Fig. 1


Representative MR images from the 3.0 Tesla clinical examination of a patient with a large right hemispheric high-grade glioneuroma before treatment. Images are from the following acquisition sequences. Top left: non–contrast-enhanced T1-weighted 3-dimensional (D) inversion recovery gradient echo. Top middle: contrast-enhanced T1-weighted 3D inversion recovery gradient echo. Top right: magnetic susceptibility-sensitive 2D gradient echo. Bottom left: 3D quantitative 3D sodium image at a nominal resolution of 5 x 5 × 5 mm 3 acquired in under 10 minutes. Bottom middle: relative cerebral blood volume map from a dynamic susceptibility contrast MR perfusion study. Bottom right: 2D T2-weighted FLAIR propeller. The interpretation is a large, heterogeneous mass with cystic and hemorrhagic components and markedly increased ( red ) relative cerebral blood volume centered in the right parietotemporal region. The lesion has been biopsied. Surgical resection was not considered as an option.


These anatomic characteristics are important in defining the proximity of eloquent cortex that should be mapped with functional MR (fMR) imaging before biopsy and surgical resection. The fMR imaging study is best done with fiducial markers in place over the head so that accurate anatomic registration of the patient’s head with the images can be achieved on the neurosurgical workstation to guide the location and size of the craniotomy ( Fig. 2 ). The functional maps are best registered over the contrast-enhanced images to aid in distinguishing tumor margins from eloquent cortex. Functional mapping for presurgical planning is also discussed in more detail in another article elsewhere in this issue.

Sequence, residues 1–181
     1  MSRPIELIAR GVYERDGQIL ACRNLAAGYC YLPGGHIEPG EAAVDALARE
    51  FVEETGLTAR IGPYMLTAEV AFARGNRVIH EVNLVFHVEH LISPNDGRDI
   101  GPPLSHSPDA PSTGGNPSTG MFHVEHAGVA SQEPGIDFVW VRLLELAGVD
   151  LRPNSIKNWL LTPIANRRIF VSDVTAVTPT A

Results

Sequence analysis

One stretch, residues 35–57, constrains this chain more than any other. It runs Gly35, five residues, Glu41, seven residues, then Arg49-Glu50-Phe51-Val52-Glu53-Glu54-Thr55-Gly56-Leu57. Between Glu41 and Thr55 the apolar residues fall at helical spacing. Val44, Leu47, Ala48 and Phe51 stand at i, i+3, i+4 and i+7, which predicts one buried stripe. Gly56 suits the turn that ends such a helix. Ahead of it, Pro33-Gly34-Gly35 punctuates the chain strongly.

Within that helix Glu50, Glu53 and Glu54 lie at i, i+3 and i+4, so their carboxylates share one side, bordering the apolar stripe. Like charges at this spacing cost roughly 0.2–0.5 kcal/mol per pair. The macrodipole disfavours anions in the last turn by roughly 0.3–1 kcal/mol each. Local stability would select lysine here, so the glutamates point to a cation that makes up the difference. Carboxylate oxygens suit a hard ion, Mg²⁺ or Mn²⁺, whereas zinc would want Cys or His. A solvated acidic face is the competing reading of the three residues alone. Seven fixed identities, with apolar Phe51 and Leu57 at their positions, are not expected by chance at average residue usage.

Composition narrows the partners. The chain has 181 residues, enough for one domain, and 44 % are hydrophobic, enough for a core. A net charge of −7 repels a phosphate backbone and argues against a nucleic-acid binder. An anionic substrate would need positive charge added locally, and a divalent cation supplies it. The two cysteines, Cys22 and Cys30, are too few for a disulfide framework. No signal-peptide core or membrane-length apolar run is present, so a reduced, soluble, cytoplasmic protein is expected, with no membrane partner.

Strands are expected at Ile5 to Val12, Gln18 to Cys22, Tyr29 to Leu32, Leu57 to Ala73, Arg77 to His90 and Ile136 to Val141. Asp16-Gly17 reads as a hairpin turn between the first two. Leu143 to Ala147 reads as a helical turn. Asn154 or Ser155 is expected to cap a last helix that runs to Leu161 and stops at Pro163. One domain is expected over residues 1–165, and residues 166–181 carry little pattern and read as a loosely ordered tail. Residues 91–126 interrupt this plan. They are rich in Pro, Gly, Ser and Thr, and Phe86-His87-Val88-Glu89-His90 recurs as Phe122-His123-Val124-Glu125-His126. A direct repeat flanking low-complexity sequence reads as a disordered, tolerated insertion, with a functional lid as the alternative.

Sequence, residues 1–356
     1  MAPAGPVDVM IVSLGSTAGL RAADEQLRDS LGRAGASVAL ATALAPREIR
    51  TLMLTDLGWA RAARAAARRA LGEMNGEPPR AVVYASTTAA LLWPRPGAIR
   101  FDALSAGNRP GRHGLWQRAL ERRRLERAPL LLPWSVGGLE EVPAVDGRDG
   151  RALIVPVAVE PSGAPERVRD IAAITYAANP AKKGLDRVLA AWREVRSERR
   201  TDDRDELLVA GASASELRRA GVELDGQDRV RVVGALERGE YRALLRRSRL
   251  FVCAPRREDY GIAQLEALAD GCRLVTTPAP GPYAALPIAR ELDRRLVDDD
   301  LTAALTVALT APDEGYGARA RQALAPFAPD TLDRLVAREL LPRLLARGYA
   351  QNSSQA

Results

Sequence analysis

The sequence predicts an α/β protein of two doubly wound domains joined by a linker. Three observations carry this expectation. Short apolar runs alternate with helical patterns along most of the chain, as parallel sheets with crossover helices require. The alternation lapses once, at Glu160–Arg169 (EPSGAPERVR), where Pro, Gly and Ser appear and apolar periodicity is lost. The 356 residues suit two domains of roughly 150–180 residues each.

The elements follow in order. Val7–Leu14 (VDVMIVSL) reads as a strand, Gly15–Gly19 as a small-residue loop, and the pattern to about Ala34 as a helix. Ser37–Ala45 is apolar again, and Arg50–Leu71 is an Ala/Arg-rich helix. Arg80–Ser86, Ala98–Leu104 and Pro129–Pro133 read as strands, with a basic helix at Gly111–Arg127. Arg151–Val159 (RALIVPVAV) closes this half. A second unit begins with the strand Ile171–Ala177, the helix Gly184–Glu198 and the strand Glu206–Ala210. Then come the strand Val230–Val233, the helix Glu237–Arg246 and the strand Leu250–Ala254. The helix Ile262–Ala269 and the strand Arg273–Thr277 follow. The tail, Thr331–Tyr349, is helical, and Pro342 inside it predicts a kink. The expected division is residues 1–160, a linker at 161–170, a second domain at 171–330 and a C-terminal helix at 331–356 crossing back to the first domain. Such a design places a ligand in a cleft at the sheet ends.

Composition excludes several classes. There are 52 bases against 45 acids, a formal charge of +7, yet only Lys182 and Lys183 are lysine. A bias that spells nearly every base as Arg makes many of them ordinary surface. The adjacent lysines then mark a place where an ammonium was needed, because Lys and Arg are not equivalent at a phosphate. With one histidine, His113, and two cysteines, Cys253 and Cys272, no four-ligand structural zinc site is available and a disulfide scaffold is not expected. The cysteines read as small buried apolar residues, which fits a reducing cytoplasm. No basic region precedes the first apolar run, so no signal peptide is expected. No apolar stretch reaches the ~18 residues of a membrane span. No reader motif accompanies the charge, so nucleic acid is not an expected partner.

Fig. 2


Functional MR imaging performed for presurgical planning of a contrast-enhancing abnormality appearing in the surgical bed years after treatment for a brain tumor in the left frontal lobe. The activation map from the fMR imaging using the reading language comprehension paradigm is presented superimposed over the contrast-enhanced 3D T1-weighted inversion recovery gradient echo images (3D SPGR +C, top row ) and over the T2-weighted spin-echo, echo-planar images (AX SE EPI, bottom row ) in the axial ( left column ), coronal ( middle column ) and sagittal ( right column ) planes. The planes are cross-referenced with colored lines ( blue, axial; green , coronal; yellow , sagittal). The Broca area is cross-referenced (intersection of planes) and is anterior and inferior to the lesion, but in close proximity to it so that the surgeon was aware of the potential of producing an aphasia. This location of function was confirmed by intraoperative cortical mapping. The lesion was primarily radiation necrosis as predicted by the low relative cerebral blood volume.